NDTV's Ravish Kumar was declared the recipient for Asia's highest honour, the prestigious 2019 Ramon Magsaysay Award on August 2, for his hard-hitting journalism. 

Source: Lokmat News

The award was presented to him on Friday, September 6 in Manila, the capital of Philippines. 

Ravish Kumar was awarded for harnessing journalism to give voice to the voiceless and for committing himself to ethical and professional journalism of the highest standards.

Source: aa.com

After winning the award Ravish Kumar delivered a speech on 'The Power of Citizen's journalism to Advanced Democracy'. 

Here are the highlights from his speech, which touched subjects like fake news and the role of common citizens in these testing times. 

Ravish started with India's historic 'Chandrayaan' achievement and subtly came back from the moon to Indian roads with crater-like potholes. 

India has conquered the moon. In this very proud moment, I am looking at the moon and at the ground beneath my feet simultaneously. My streets have craters and potholes which outnumber the moon.
Source: NDTV

He then revealed how he first came to know about him winning the Ramon Magsaysay award, which is a hilarious piece in itself. 

Two months ago, I was working on my daily broadcast in my corner office when I received a call on my cell phone. The caller ID flashed an unknown international number from the Philippines. I was certain it was a troll calling. For some reason, a lot of my troll calling traffic comes from the Philippines. 

After a minute of dilemma, he finally responded. 

I put my phone on loudspeaker and from the other end, was greeted by a female voice which asked "May I please speak to Mr Ravish Kumar?". I have received thousands of calls from trolls in my life but never from a woman. I quickly shut off the speaker and put the phone against my ear. In sophisticated English, the woman informed me that I won the Ramon Magasaysay Award.
Source: Sify.com

Taking a leaf out of a common citizen's life, Ravish then talked about the need for better citizenry and even better governments in the future. 

We are living in testing times, as journalists and as common citizens. Our citizenship itself is on trial right now and make no mistake about it, we need to fight back. We need to rethink our duties and responsibilities as citizens.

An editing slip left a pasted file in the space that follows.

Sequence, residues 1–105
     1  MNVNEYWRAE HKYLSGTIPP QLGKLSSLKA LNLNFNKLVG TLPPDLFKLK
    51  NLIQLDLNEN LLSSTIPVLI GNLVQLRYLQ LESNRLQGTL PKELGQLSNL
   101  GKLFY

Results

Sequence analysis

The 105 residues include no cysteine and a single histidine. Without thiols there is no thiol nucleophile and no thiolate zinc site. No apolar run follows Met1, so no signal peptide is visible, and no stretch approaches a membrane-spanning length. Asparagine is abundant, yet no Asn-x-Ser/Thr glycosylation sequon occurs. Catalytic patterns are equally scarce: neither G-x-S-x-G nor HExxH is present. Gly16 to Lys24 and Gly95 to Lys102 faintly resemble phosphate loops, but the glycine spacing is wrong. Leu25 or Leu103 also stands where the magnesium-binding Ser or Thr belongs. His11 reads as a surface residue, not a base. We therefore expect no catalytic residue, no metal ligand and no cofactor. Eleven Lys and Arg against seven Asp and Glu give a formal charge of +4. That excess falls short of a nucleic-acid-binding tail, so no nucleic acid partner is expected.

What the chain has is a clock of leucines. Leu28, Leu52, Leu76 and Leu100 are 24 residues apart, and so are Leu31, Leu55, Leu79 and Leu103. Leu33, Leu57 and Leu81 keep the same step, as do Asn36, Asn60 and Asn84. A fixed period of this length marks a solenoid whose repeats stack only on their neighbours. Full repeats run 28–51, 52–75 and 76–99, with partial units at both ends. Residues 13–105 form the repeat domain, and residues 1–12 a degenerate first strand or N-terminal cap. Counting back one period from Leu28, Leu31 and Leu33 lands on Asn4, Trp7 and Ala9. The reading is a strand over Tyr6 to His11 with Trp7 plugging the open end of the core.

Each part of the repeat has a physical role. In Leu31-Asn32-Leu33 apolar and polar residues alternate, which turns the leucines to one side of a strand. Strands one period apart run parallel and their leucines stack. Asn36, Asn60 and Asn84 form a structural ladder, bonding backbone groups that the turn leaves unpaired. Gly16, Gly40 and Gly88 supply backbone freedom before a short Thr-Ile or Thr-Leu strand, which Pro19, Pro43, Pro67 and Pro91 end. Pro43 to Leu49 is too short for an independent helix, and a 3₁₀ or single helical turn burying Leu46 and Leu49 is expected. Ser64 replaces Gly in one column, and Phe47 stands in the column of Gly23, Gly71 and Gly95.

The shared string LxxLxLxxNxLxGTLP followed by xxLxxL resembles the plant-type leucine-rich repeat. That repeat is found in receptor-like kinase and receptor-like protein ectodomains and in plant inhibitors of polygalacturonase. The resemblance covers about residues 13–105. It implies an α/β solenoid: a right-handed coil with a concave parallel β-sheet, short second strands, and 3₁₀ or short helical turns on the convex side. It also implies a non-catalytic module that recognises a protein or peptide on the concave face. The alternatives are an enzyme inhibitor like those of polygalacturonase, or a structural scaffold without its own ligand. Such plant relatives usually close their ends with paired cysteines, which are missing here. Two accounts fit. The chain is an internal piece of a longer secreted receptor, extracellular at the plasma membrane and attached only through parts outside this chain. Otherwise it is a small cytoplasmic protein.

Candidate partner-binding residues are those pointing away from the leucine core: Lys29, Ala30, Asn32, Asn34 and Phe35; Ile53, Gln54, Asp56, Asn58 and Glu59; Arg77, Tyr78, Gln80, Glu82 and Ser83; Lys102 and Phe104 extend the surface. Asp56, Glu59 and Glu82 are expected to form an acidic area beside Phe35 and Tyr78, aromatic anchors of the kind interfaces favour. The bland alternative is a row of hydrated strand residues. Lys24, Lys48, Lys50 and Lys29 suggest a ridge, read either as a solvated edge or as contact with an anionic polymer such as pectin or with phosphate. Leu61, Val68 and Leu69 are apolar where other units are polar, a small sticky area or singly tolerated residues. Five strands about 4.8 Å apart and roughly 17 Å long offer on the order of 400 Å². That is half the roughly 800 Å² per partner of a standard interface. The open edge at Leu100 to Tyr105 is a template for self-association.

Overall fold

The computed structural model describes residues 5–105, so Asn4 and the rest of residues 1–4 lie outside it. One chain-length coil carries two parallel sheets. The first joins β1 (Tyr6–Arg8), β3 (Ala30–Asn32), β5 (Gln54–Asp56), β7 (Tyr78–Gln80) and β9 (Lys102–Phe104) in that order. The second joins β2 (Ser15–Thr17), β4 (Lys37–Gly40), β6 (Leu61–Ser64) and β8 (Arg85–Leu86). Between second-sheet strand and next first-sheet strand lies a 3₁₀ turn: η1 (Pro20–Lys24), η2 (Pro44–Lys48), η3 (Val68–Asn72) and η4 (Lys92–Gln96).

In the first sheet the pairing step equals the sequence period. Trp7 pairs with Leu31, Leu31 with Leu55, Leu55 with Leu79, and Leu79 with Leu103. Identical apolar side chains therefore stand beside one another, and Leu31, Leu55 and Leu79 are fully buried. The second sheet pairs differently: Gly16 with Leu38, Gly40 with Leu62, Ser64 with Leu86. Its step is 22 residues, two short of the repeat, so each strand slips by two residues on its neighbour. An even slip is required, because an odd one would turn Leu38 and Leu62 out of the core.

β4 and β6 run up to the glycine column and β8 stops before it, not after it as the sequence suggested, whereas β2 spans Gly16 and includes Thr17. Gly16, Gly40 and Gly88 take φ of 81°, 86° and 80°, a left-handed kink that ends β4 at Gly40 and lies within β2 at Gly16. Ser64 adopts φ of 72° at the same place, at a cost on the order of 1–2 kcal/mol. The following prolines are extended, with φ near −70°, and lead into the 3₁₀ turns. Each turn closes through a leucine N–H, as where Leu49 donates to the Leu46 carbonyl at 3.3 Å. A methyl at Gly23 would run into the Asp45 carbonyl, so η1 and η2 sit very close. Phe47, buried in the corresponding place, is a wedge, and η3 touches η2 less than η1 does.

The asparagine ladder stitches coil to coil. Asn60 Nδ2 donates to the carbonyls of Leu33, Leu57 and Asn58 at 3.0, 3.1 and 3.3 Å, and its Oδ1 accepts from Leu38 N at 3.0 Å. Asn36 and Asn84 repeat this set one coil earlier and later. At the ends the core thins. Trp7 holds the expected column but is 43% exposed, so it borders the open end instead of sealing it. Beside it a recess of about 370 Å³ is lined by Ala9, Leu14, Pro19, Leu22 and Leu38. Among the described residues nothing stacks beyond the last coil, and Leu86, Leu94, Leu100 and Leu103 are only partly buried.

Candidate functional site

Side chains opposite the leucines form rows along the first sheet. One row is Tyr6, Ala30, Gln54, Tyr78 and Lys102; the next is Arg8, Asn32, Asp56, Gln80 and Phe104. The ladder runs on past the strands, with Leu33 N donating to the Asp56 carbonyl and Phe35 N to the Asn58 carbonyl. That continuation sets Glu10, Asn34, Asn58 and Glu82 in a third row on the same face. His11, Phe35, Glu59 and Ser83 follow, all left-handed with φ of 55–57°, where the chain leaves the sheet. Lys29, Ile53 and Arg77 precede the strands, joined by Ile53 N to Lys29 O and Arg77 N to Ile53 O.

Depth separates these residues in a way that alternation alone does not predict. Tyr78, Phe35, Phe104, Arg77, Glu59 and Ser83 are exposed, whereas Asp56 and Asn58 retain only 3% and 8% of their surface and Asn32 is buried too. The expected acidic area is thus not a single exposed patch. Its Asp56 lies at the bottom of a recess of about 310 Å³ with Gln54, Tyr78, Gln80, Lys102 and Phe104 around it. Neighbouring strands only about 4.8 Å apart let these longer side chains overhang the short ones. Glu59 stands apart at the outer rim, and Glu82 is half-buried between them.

Source: Khabar.NDTV

Next, he pointed out how sensationalised 'news channel debates' are against the very ethics of journalism. 

He talks about the propagated narratives these debates set and how they've divided individuals between nationalists and those termed as anti-nationals. 

There are only two types of people in this news universe narrative: the anti-nationals and us. It's the classic "us" and "them" technique. They tell us that the problem with Anti-nationals is that they ask questions, disagree, and dissent. Disagreement is the aatma [spirit, soul, or essence] of democracy and citizenship.

Talking about citizens suffering in sync with the journalism of this generation, he continued: 

When citizenship is under threat or when its very meaning has been altered, then what happens to the nature of a citizen's journalism? Both are citizens: those who claim to speak as the nation, and the victims of their derision.
Source: Scroll.in

Claiming that his criticism of the mainstream media, and in particular of news channels, is intended for the sole purpose of his great country, Ravish talked about the impact of Prime Time and how the show's temperament has changed throughout the years. 

The impact of Prime Time's "job series" was soon felt and many pending exam results were published and appointment letters issued. As late as 2018, Bihar, the state that I come from, had not published results of exams conducted in 2014. My WhatsApp number has become a public newsroom. When my secret sources within political parties and the government began to distance themselves from me, the public became my open resource.
Source: The Unreal Times

Ravish Kumar touched other subjects like the Kashmir issue and also talked about how India's neighbouring countries all lie closer to each other in press freedom index, terming it as a 'sad coincidence'.

You can read the full text of his public lecture, here or watch the video below.